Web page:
How ARC can keep forwarded emails out of spam

Zack Aab

3 minute read

Email is the original social channel, thanks to email forwarding. We’ll bet that the minute computer salesperson Gary Thuerk sent that famous email message to 400 prospects back in 1978, many of them forwarded it on to their friends. 

Forwarding messaging is one of the most popular email activities. By 2015, 1 in 21 commercial messages was being sent on to other recipients. For email marketers, it also expands your reach and exposure without any effort on your part.

Besides person-to-person forwarding, many email users also forward their messages automatically from one email service to another (from Gmail to Yahoo, for example) so they can read email from multiple email addresses in one inbox. 

But a forwarded email can actually end up in the spam folder instead of the inbox. It all has to do with email authentication, which verifies that the senders and messages are legitimate. If your emails are authenticated properly, messages that get forwarded have a better chance of hitting the inbox.

You’ll want to talk with your deliverability team to see if everything checks out with your email authentication. Below, we’ll/I’ll explain what’s happening and how you can make sure your forwarded messages don’t go to spam.

Email forwards can break authentication 

Many commercial email senders use authentication protocols like DKIM (DomainKeys Identified Mail), SPF (Sender Policy Framework) or DMARC (Domain-Based Message Authentication Reporting and Conformance) to prove to a receiving server that they are authorized to send messages and that they sent a specific email, not someone impersonating that legitimate sender.

Forwarding an authenticated message, however, can break that authentication. Also, if the original sender uses DMARC, forwarding can cause DMARC to fail and make the message look like a phishing attempt. 

When that happens, an email receiver like Gmail can either quarantine the forwarded email in the spam folder or reject it outright. In either case, your email never reaches its target.

One way to fix this problem is with a new standard called Authenticated Received Chain, which can preserve the original email’s authentication and assure the next receiver that the message is legitimate.

Right now, ARC is still in the development stage. But already, major ISPs like Google, AOL, and Microsoft are championing its use. As an email sender, you should know about ARC and its possibilities, which we explain next.

How ARC can keep email out of the spam folder

ARC is a cryptographic signature – a line of encryption that an email receiver inserts into an email header before it gets forwarded. When someone forwards an email with this signature, the receiving service can see it and authenticate both the original sender and the forwarding sender. 

This move makes it far more likely that the email forward will land in the recipient’s inbox, where it’s supposed to go, and not the spam folder.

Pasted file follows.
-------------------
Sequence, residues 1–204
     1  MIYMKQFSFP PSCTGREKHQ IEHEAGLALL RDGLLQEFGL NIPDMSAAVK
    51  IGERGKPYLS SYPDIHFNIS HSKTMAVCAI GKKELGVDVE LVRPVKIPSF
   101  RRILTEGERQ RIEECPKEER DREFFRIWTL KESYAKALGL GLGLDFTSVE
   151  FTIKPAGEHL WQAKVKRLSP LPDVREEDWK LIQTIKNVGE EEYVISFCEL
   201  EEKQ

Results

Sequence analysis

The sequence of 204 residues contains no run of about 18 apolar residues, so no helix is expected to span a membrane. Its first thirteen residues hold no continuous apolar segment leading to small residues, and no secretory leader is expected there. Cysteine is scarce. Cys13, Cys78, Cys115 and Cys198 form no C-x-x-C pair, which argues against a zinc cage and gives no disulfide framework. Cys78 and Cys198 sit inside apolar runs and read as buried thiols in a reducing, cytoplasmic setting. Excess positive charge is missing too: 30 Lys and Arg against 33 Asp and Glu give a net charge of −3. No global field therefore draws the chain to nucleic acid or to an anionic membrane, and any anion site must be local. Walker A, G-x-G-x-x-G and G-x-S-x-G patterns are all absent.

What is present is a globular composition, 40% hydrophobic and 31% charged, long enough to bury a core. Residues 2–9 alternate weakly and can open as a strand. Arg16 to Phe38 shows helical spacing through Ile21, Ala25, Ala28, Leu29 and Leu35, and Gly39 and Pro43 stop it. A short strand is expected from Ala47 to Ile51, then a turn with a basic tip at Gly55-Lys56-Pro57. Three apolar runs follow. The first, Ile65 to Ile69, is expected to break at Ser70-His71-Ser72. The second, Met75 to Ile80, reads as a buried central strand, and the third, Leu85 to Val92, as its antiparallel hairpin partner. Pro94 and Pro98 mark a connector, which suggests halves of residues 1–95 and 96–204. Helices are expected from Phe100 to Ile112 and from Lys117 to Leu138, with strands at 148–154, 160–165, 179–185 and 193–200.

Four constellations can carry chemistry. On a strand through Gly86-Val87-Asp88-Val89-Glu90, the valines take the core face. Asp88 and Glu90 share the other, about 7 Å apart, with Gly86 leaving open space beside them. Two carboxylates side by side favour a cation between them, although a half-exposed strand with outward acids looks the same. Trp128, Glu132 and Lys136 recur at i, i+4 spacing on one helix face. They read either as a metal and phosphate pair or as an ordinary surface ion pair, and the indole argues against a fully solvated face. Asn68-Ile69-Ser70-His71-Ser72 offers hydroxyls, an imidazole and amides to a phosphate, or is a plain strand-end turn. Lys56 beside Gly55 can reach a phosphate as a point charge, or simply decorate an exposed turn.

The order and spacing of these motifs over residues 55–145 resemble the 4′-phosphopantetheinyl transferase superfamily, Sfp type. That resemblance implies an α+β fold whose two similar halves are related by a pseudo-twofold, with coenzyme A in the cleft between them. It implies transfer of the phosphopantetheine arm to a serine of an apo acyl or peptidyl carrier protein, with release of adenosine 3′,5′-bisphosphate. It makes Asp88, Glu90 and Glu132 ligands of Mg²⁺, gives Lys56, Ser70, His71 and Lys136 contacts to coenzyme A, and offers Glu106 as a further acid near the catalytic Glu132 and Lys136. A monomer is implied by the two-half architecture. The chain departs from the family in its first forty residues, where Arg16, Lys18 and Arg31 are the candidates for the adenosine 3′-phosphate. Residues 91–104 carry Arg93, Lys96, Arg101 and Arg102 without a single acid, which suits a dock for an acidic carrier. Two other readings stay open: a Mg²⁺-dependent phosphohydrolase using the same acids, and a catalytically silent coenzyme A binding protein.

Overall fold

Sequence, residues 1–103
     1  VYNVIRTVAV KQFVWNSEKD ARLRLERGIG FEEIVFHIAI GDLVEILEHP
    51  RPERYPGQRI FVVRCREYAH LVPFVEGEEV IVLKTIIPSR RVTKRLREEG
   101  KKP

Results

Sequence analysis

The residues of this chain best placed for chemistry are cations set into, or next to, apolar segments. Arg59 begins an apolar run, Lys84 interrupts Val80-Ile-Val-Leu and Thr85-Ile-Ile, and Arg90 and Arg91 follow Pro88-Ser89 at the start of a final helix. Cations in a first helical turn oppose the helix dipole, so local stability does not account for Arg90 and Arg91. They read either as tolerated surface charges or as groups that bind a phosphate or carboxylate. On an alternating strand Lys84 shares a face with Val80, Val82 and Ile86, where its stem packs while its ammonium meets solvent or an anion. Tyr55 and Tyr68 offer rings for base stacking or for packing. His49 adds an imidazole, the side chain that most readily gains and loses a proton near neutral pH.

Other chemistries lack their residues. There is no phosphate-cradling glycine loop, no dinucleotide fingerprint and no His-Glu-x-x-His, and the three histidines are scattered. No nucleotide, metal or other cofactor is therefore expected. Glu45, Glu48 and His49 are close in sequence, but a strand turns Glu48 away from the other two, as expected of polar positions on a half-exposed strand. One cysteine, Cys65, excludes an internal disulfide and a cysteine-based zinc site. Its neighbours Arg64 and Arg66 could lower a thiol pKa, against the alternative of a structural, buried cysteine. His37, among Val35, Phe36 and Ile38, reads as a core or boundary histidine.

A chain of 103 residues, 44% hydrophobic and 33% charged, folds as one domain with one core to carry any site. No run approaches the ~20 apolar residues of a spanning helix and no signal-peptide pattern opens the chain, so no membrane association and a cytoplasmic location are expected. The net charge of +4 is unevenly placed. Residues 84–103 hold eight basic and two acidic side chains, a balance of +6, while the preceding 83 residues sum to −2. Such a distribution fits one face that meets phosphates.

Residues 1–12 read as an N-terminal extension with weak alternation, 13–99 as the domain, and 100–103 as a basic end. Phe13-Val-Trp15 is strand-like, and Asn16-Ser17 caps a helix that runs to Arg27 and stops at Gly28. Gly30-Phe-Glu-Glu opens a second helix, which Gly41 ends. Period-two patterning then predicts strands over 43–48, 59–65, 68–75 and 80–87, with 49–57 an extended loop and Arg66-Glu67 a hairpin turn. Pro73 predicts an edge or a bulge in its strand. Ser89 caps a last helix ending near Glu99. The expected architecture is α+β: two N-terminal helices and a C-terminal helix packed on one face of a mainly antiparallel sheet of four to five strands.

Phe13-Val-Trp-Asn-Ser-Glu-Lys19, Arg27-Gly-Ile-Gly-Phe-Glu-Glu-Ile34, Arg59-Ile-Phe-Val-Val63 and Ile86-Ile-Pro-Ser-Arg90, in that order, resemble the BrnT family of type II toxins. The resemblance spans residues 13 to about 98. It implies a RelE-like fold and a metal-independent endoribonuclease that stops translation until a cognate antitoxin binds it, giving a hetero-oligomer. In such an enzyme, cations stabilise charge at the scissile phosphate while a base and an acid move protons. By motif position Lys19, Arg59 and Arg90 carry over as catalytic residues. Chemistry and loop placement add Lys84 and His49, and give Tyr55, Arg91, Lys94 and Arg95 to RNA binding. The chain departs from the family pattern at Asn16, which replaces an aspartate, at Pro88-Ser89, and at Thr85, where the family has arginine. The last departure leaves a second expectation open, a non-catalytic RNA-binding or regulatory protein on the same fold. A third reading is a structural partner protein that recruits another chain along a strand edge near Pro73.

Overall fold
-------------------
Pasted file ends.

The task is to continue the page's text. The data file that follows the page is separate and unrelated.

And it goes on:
ARC creates a signature of the original “authentication-results” component of an email’s headers with an encryption key that only the legitimate forwarder can use.   

(Need a quick refresher on DKIM, SPF and DMARC? This Trendline backgrounder, What Are DMARC, DKIM, and SPF?, explains these authentication terms and why it matters.)

With ARC, the magic happens when the signature is created after your original recipients receives your email message but before they forward it on to their family or friends. This is what it looks like in a deliverability scenario:


When is ARC actually used?


What Trendline recommends right now

ARC is different from authentication protocols like DKIM and SPF because the email receiver, like Gmail or AOL, is the one who decides whether to install the code in the email header. However, there is something you can do to increase your chances that your forwarded email will go to the inbox.

Talk with your deliverability team about how your emails are being authenticated right now to make sure you are taking every step possible to keep your emails out of the spam folder.

Some email teams refuse to use DMARC because they don’t want their forwarded emails to end up in spam. But ARC solves that problem and makes DMARC more usable. That improves your deliverability and protects your email domain from being spoofed by bad actors.

Call on Trendline for help. If you’re not a deliverability expert, this conversation can be tricky to navigate. But here at Trendline, our deliverability work with clients has given us a unique perspective on these authenticity discussions. We’d love to help you talk about this with your team – feel free to get in touch!

Trendline Interactive

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About the Author(s)

Zack Aab

Before learning how to use email, Zack worked in computer repair, blacksmithing, video production, and knot-tying, but not all at once. Zack has his CIPP/US certification, is definitely not a lizard person, and likes normal human things like email and data privacy and basking on sunny rocks. Follow Zack on LinkedIn

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